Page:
Jordan Peele was always part of the comedy duo Key and Peele so it came as a surprise when he ventured into horror with ‘Get Out’. The director labelled it a “social thriller”, but he’s always maintained that the transition from comedy to horror was seamless since the genres are more like conjoined twins rather than sisters.  

In comedy and horror, a visceral reaction is expected from the audience through tensions are released, where the first part takes viewers to the edge of the seat and the second either results in laughter or screams, based on the genre. Both comedy and horror tap into the existential fear of the unknown and the curiosity about what lies ahead. 

With ‘Nope‘, Peele’s third horror outing, already making waves, here’s a look at the director’s first two movies and how they’ve matched up. 

Get Out (2017)

The movie that was hailed to have the best script of the 21st century, ‘Get Out’ was Peele’s directorial debut and set the tone for the kind of films he’d make. 

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Using the horror genre, Peele focused on issues of racism. Daniel Kaluuya, who Peele reunites with for ‘Nope’, plays the protagonist who visits his in-laws’ house only to realize something sinister lurks beneath their seemingly-charming demeanour. 

The film touches upon the inherent racism that exists, stemming from an otherization of black people, which morphs into something grotesque as the white people try to harvest the best aspects of being a black person to gain some degree of racial superiority – in terms of lifespan, health, amid other things.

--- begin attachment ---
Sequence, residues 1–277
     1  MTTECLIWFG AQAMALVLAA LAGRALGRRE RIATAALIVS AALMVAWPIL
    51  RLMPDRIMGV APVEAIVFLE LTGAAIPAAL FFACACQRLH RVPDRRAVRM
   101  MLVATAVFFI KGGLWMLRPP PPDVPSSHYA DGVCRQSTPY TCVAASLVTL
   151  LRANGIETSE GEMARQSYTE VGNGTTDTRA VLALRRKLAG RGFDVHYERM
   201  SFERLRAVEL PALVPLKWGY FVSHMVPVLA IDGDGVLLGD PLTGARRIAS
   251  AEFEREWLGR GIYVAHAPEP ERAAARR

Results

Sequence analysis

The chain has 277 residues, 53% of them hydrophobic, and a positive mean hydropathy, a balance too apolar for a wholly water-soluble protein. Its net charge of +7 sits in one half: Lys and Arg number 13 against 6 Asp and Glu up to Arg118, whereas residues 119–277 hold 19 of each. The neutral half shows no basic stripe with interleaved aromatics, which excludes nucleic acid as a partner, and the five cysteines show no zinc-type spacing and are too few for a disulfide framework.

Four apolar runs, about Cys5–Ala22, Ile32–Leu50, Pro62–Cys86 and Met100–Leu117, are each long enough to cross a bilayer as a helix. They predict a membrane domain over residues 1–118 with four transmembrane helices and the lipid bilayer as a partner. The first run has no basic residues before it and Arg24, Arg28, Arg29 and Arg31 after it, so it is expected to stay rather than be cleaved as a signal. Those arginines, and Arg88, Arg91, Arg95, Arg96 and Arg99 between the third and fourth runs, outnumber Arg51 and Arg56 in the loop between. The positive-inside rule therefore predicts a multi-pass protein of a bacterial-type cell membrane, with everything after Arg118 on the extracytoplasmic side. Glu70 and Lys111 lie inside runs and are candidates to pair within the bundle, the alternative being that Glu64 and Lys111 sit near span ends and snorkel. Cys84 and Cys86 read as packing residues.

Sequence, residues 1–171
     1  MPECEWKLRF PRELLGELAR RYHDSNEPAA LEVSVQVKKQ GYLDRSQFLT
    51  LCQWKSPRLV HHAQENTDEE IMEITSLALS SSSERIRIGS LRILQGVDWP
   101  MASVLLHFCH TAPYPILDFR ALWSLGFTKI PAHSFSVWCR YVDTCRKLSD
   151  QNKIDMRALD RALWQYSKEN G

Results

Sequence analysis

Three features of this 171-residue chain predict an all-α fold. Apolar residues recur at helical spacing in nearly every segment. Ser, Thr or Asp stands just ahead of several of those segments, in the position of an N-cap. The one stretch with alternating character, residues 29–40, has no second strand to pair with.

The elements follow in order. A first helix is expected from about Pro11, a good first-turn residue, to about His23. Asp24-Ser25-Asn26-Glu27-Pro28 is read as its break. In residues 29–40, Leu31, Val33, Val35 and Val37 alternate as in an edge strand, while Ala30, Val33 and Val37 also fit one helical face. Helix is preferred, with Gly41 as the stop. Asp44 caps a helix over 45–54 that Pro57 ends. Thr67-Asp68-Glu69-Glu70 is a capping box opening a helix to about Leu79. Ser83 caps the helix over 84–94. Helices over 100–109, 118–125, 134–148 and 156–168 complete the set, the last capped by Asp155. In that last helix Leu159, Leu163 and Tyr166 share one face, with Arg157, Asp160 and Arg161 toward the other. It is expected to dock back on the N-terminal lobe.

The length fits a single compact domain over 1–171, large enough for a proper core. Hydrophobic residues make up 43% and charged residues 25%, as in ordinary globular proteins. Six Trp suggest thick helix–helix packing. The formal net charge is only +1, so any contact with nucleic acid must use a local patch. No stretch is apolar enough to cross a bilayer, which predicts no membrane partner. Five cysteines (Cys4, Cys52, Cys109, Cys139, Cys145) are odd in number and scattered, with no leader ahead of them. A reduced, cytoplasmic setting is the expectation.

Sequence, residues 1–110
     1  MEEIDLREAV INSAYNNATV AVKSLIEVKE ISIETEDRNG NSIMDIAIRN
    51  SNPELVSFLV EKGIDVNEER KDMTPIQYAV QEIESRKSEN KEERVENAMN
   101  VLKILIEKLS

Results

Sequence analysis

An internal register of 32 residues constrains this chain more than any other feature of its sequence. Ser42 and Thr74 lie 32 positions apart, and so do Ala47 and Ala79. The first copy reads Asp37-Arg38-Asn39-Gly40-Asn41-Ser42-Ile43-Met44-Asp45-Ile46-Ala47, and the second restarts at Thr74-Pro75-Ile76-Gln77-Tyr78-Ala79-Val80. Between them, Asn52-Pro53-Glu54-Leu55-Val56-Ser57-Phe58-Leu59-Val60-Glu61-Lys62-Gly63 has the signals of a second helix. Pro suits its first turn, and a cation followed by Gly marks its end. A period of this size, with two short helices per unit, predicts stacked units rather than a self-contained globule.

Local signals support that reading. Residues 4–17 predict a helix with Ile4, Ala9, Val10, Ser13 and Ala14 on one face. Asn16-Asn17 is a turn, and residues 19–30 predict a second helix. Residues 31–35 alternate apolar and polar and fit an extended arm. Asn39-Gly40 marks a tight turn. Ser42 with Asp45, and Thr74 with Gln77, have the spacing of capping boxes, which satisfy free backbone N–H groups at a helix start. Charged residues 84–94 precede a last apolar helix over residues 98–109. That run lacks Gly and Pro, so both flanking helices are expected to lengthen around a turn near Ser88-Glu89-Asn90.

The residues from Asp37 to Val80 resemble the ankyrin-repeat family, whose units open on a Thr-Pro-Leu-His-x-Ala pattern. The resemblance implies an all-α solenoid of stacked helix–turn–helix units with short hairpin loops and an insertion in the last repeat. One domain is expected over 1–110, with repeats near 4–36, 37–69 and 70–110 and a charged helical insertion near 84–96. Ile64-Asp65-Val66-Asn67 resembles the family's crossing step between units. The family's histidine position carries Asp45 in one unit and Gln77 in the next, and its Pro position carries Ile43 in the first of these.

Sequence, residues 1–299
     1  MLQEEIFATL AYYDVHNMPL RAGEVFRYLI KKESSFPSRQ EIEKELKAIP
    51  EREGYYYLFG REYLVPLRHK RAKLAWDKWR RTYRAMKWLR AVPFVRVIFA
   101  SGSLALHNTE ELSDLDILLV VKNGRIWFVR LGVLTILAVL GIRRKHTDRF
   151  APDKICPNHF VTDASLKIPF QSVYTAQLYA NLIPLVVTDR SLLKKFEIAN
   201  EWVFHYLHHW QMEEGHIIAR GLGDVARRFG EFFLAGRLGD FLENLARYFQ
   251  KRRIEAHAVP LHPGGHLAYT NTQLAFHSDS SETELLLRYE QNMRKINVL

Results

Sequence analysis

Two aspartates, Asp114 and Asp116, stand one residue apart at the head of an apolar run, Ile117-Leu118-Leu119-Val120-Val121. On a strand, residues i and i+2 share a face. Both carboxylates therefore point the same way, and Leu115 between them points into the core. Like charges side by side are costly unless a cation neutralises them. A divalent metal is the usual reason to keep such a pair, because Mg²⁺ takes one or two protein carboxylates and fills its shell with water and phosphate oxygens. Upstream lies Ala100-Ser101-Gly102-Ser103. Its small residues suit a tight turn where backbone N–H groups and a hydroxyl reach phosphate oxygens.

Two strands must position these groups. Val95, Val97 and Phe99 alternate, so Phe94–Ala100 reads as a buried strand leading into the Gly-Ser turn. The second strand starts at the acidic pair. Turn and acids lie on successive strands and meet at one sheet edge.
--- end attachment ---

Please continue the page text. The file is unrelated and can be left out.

‘Get Out’ combines sharp writing with the right dose of violence to make it stand out as a movie packing chills but also substance at the same time. 

Us (2019)

It’s a common belief that the second good film actually proves a director’s worth, more than a first success. While Peele’s ‘Us’, starring Lupita Nyong’o didn’t fare as well as ‘Get Out’, the movie cemented Peele’s position among horror directors to watch out for. 

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In the story where the horror arises from an exploration of the oppression that lies in the cast system and an upturning of the same, Peele makes his mark with stylized sequences. One of them comes when a family is attacked by their doppelgangers from underground, and the violence plays out to NWA’s ‘F**k the Police’ blaring over the speakers. 

Now, with ‘Nope’ Peele has a chance to deliver what’s being billed as a “summer blockbuster”, and the director shared that he’s got many other social thrillers to make after this, including a possible ‘Get Out’ sequel